Market and Limit Orders
When talking about trading options on the market, a trader can place two types of orders. What order type you decide to use may impact whether and how fast your sell order will go through.
When placing a market order, you are instructing your broker to execute the order at any price. This will result in much quicker execution times for your orders, but it is also quite risky.
You might lose a significant amount of your profit or increase your losses by selling an option with a market order. However, if you are trading options with high liquidity and stable prices, a market order is probably the way to go.
Some trading experts advise people to be careful when placing market orders for options. Buying or selling at any cost is rarely a good idea, especially when the trading volume is high and prices can go up and down in a matter of seconds.
A limit order is an order to buy or sell an option for a specific price or better. The order won’t execute unless the option reaches the limit price. In some instances, this may never happen, which will result in the limit order not getting filled at all.
Other times, the order may take a while to complete.
Whatever the case may be, placing limit orders will cause a delay in your order in most cases. Unlike market orders, you can place limit orders before and after hours, and they will trigger as soon as the market opens.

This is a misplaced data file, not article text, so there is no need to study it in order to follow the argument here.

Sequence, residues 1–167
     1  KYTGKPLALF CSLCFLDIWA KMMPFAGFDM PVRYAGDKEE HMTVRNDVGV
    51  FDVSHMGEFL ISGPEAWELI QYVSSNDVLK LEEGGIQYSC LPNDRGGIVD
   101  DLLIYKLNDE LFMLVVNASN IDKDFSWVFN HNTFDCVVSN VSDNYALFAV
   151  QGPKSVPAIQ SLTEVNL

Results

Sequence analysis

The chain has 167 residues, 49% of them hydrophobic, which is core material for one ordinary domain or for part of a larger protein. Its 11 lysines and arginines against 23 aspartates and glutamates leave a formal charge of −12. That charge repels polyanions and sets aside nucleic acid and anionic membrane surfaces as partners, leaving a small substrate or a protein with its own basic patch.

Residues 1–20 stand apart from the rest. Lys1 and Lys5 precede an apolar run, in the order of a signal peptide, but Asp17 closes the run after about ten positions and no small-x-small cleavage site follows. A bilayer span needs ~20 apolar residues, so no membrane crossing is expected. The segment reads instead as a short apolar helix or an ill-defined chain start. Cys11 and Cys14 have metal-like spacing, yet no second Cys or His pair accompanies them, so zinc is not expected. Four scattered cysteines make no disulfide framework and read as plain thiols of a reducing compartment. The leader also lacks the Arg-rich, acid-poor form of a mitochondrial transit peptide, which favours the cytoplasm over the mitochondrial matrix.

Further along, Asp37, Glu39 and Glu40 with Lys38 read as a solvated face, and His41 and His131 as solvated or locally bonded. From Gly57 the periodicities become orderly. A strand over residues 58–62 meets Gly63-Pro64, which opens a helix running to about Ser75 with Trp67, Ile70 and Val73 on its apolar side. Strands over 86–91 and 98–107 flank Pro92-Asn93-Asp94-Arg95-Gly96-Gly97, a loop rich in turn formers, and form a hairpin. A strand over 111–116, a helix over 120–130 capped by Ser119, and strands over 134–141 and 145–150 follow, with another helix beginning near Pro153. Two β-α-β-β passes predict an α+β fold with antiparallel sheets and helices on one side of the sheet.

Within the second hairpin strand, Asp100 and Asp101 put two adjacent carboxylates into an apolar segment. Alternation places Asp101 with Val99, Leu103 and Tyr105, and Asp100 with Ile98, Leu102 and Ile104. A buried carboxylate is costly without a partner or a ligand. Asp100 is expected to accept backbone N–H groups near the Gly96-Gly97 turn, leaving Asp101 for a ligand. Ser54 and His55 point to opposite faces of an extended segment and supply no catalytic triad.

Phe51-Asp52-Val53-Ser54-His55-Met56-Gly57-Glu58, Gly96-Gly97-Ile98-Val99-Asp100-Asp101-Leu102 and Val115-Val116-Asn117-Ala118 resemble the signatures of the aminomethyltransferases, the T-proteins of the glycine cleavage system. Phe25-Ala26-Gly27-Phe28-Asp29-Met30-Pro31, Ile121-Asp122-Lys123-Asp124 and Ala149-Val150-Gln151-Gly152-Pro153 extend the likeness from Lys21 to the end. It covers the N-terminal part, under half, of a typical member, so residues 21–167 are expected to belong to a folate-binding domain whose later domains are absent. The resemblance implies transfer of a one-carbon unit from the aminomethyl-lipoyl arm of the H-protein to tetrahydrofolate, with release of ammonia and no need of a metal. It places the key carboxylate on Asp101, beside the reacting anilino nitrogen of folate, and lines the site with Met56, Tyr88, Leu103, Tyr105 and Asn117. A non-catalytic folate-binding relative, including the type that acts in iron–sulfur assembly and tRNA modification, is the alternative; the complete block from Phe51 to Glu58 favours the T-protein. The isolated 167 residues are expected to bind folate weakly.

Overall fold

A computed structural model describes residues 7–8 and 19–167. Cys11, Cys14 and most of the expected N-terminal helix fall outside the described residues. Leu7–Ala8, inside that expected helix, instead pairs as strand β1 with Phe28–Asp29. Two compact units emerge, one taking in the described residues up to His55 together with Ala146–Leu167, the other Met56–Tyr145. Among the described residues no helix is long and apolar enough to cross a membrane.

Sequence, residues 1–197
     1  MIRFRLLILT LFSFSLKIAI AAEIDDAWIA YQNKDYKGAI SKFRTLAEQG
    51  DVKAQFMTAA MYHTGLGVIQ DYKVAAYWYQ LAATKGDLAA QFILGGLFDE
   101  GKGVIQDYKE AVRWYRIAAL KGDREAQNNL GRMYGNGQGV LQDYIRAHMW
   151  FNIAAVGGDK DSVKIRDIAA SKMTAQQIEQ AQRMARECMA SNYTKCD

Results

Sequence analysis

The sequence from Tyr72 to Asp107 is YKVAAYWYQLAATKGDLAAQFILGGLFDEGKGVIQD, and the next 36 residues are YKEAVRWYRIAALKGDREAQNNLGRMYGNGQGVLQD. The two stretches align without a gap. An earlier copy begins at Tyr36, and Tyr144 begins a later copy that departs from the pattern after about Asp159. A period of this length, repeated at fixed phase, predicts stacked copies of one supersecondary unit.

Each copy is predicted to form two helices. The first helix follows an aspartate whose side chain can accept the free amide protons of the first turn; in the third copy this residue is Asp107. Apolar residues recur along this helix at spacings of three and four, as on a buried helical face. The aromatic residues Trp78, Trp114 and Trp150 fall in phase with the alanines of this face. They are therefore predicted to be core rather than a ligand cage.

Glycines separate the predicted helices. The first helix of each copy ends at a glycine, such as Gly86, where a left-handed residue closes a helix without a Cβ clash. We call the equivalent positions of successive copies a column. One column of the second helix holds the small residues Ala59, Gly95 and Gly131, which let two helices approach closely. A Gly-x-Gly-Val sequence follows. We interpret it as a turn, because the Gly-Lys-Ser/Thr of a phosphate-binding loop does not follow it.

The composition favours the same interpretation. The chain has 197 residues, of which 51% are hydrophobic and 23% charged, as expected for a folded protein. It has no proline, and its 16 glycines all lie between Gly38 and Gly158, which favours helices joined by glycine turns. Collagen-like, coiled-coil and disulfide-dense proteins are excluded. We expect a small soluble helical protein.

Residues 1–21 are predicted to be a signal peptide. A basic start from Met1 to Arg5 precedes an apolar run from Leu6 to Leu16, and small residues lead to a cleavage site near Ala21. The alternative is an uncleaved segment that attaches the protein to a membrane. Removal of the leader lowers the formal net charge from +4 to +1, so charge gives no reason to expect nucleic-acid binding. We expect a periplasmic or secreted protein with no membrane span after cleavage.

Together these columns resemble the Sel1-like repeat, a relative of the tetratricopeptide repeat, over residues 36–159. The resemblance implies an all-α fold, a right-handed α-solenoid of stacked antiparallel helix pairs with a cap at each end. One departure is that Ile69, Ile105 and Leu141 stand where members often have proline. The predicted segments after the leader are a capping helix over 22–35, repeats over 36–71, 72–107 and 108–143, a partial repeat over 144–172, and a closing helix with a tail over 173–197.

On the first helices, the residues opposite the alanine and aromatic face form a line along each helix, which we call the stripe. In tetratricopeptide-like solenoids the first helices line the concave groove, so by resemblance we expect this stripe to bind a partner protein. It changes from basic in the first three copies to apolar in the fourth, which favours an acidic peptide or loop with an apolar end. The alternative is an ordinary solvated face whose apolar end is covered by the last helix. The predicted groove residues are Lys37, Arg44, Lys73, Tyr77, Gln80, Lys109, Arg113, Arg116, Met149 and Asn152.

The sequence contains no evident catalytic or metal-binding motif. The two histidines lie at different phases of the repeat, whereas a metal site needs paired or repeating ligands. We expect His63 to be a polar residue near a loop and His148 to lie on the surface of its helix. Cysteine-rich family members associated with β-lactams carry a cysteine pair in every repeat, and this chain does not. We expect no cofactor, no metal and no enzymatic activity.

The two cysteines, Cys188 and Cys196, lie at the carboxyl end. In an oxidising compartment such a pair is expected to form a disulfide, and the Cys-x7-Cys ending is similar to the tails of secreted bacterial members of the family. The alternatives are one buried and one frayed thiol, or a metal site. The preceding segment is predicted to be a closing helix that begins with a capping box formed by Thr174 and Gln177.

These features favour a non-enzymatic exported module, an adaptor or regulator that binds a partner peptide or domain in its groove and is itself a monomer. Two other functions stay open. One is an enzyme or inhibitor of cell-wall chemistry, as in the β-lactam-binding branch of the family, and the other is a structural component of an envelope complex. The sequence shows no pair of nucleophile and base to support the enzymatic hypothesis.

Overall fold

Should You Place Limit Or Market Orders?
You should place limit orders if you don’t mind possibly having to wait. Despite the longer time they take to fill, limit orders are the better option for trading options.
You should only use market orders if you want to get out of a falling stock quickly or if a limit order did not fill. You can also safely use market orders on extremely liquid options such as those on SPY as long as the bid/ask spread isn’t more than a penny for the option you are trying to sell.
The ability to dictate the price you are willing to pay/receive is invaluable in a volatile and fast-moving market.
A good strategy is to place the order somewhere between the bid and ask. You can slowly bump the price up or down until the order gets filled.
What Can You Do If Your Sell Orders Don’t Fill?
Your option orders not filling can be very frustrating, but there are things you can do to reduce the chances of that happening:
- Adjust the contract quantity. Instead of placing orders in multiples of five (5, 10, 15, 20), try using odd numbers such as 3, 7, 9, 11. Institutional traders use odd numbers, so if you do so too, it increases the chance of your orders being bundled with them.
- Odd number pricing. Instead of using round prices like $10 or $20, insert odd prices like $9 or $19. The broker is more likely to find a match for your asking price.
Options have a much lower trading volume than stocks, so it is not unusual if you have to wait a bit for your options orders to execute. However, most of the time, if you are dealing in peak market hours, the orders will fill quickly, if not instantly.
The time it takes for the order to fill depends on the trading volume, the limit order pricing, and other factors. If your orders are not filling, you can try adjusting the contract quantity and asking price.